Can an environmental organization file suit under the Resource Conservation and Recovery Act’s (“RCRA”) citizen-suit provision claiming harm from stormwater runoff which could be, but was not, subject to limits under a Clean Water Act (“CWA”) permit? In a November 2, 2017 decision, Ecological Rights Foundation v. Pacific Gas and Electric Company, the U.S. Court of Appeals for the Ninth Circuit held that it could. The ruling, which also rejected the defendant’s arguments opposing Article III standing, is a portentous development at a time when environmental groups are actively seeking out litigation opportunities to enforce federal regulations.
The Ecological Rights Foundation (“EcoRights”) had filed suit against PG&E under the citizen-suit provisions of both the CWA and RCRA. According to the complaint, the methods used by the PG&E facilities to service utility poles allowed chemicals and oils onto the ground which were then carried by stormwater into the San Francisco and Humboldt Bays. EcoRights alleged that PG&E’s activities violated the CWA, because it discharged pollutants into the waters of the United States without a permit, and RCRA, because its handling, storage, or disposal of solid waste may have presented an “imminent and substantial endangerment” to health and the environment.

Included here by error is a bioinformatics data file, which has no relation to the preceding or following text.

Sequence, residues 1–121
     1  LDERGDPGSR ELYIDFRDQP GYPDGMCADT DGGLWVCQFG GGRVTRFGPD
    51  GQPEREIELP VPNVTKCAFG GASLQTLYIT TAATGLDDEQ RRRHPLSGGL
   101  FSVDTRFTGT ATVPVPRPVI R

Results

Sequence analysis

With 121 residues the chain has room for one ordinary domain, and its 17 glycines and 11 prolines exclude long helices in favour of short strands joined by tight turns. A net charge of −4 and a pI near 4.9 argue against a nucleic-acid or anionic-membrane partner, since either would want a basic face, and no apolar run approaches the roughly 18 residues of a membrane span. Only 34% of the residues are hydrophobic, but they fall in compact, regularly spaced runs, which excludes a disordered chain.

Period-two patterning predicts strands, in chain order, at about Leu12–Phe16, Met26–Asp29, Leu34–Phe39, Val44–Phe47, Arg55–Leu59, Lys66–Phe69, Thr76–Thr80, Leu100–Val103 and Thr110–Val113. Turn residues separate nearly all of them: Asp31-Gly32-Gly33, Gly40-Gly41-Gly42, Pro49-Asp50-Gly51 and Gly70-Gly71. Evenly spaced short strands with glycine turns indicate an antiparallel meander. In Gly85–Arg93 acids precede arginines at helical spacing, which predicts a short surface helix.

The district court granted PG&E summary judgment on the plaintiff’s CWA claim, reasoning that the company was not required to obtain a discharge permit for stormwater discharges. After determining the plaintiff had Article III standing to sue under RCRA, the court held that the law’s “anti-duplication” provision barred suit. Section 6905(a), the court reasoned, prevented enforcement of RCRA against activity that is regulated under the CWA and four other listed federal laws.
EcoRights appealed the trial court’s RCRA anti-duplication holding to the Ninth Circuit. It did not appeal the court’s summary judgment order on the CWA claim. The Environmental Protection Agency (“EPA”) filed an amicus brief in support of EcoRights. In its opposition brief, PG&E objected to the lower court’s holding that EcoRights had Article III standing to pursue its RCRA claim.
The unanimous decision first rejected PG&E’s argument that EcoRights lacked standing to sue. The court’s reasoning on that issue is consistent with the judicial trend of setting a very low bar for environmental citizen-suit standing. It is, however, also counter to the U.S. Supreme Court’s Spokeo, Inc. v. Robins ruling and its admonition that to be a redressable injury in fact, a harm must be both “concrete” and “particularized.”
In support of constitutional standing, EcoRights presented members’ statements asserting that pollution in the San Francisco Bay, including from stormwater run-off, had reduced their ability to enjoy local seafood, observe local birds and other wildlife, and to sail or swim in the Bay. PG&E had argued that such injuries were not concrete, but generalized as they may be shared by the many people who live in the Bay Area, but the court held that the “fact that a harm is shared does not necessarily render it a generalized grievance.”